Lemaire returns to Devils bench, where he will once again work with Brian Rolston (top right).
newjerseydevils.com – There was a decidedly throwback feel at Prudential Center on Monday.
In the morning, Scott Stevens, John MacLean, Tommy Albelin, Sergei Brylin and Chris Terreri were on the ice helping to lead the Devils' prospects through the first day of rookie camp. All five players were members of the club's first Stanley Cup title in 1995.
By the afternoon, Devils' President/CEO/General Manager Lou Lamoriello had announced that Jacques Lemaire, who coached the team to that championship, would be taking over behind the bench for the 2009-10 season.
"This was something that came about over a period of time, and certainly came to a conclusion over the weekend," Lamoriello said. "I couldn't be more excited that Jacques will be taking over the reins of our team."
Mario Tremblay, the former Montreal Canadien who worked under Lemaire during his nine-year stint with the Minnesota Wild, was tapped as an assistant coach. Albelin, entering his second season as an assistant, and Jacques Caron, the club's longtime goaltending coach, round out Lemaire's staff.
MacLean, in his eighth season with the Devils' coaching staff, was named the head coach of New Jersey's AHL affiliate in Lowell. Kevin Dean was retained for a fourth season as a Lowell assistant, while Terreri will serve as goaltending coach.
Lamoriello also announced that Stevens will be taking a more active role in both New Jersey and Lowell.
Lemaire stepped down as the head coach of the Wild at the end of last season, but said Monday that the excitement of this year's playoffs made it hard for him to walk away from the game. Lamoriello contacted him about the opening before last month's Entry Draft.
"I never did close the door on coaching, I just said that my time in Minnesota was over," Lemaire said. "It (was) time to go on and do something else. I watched the playoffs, and heard a lot of ex-coaches say it's really hard to get out of this because we love the game and it's exciting and it's fun – that's what I got from watching the playoffs. I said, well, I might go back.
|Lemaire compiled a 293-255-108 (.529) mark in 656 games behind Minnesota’s bench. In 2002-03, he led the Wild to the Western Conference Finals while capturing his second career Jack Adams Award as the |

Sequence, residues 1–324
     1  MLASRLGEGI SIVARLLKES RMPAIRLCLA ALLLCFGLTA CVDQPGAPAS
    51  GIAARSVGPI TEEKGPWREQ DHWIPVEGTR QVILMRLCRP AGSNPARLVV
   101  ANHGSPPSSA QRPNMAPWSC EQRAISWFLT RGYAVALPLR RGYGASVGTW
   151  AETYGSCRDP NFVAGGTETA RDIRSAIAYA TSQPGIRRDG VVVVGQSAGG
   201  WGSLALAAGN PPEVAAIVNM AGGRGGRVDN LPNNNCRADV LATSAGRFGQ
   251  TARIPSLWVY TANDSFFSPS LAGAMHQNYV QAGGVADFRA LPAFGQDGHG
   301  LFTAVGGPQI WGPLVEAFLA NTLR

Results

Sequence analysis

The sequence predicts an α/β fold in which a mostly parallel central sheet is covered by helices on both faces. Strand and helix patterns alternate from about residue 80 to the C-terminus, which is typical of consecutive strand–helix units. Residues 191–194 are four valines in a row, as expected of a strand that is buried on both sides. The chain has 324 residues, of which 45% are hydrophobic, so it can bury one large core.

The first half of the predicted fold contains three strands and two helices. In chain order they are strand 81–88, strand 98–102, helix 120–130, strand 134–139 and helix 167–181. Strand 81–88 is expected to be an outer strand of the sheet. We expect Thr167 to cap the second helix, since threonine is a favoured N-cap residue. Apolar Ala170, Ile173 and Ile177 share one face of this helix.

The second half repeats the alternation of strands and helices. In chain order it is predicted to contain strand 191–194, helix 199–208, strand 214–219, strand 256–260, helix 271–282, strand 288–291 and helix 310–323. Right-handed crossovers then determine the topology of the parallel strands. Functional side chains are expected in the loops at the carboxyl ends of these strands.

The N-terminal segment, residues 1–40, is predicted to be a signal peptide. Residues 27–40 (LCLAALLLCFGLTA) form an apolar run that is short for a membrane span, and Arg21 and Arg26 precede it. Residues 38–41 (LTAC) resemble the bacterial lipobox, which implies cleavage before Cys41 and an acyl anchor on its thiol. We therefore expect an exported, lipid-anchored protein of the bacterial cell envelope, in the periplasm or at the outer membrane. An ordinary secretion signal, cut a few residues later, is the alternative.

league’s top coach.
"When Lou called me, I was excited, especially because it's a great organization with great people working there. The organization is going in the right direction and being a part of this is really exciting for me."
Lemaire takes over for Brent Sutter, who resigned as head coach on June 9. Familiarity with the organization's expectations were a key part of Lemaire's decision to return.
"I like to work for a person that I know well, and I think I know Lou very well," he said. "I know how he works, what he wants, what he likes and what he dislikes."
Lemaire, 63, is the winningest coach in Devils history. He first joined the club in 1993-94 – when New Jersey came within a goal of its first appearance in the Stanley Cup Finals – and earned Jack Adams honors that season as the NHL's top coach.
The Lemaire-led Devils thrived under a defensive system, and a year later, secured their first championship with a sweep of heavily favored Detroit. But that was then.
"At the time, we had more of a defensive crew and you were teaching more defense than offense because you felt you could win games," he said. "Now, with time and the type of players that we have, there's a look for offense, there's a look for trying to create more. I guess every coach is pretty much the same: we're trying to get the best game possible."
Lemaire stepped down in May 1998 after leading the Devils to the East's best record in 1996-97 and 1997-98.
"I had a great time here in New Jersey in the nineties, I have great memories, and now I'll try to get some more," he said.
Lemaire will inherit a group led by the goaltending of Martin Brodeur
and the scoring of Zach Parise
, Patrik Elias
and captain Jamie Langenbrunner. The Devils won a franchise-record 51 games in 2008-09, but were eliminated in the first round of the playoffs for a second straight year.
"You look at the team, and it's very stable," Lemaire said. "You look at the past years, and the team has done pretty well. I know in the playoffs the last few years, it's been a little tougher, but that will be a goal that the whole coaching staff will have."
Parise had a breakout 2008-09 campaign and set career highs with 45 goals and 94 points. Don't expect Lemaire to force a checking role upon his snipers. Look instead for a defensive skater to balance a line with a top scorer, he said.
"I'm not the coach that will stop any of the guys from doing what they're good at and what they excel in," he said.
Lemaire won eight Cups as a player with Montreal and has his sights on bringing hockey's Holy Grail back to the Garden State. He cautions that 29 other teams have the same hope for the upcoming campaign.
"There's not a lot of things that you still want as a coach when you've been involved for 15 years," he said. "When you're looking at a team, you want to have a chance to win the Cup, there's no doubt about that."
"I want to be a part of this," he continued, "and if there's a chance I would love to get another one."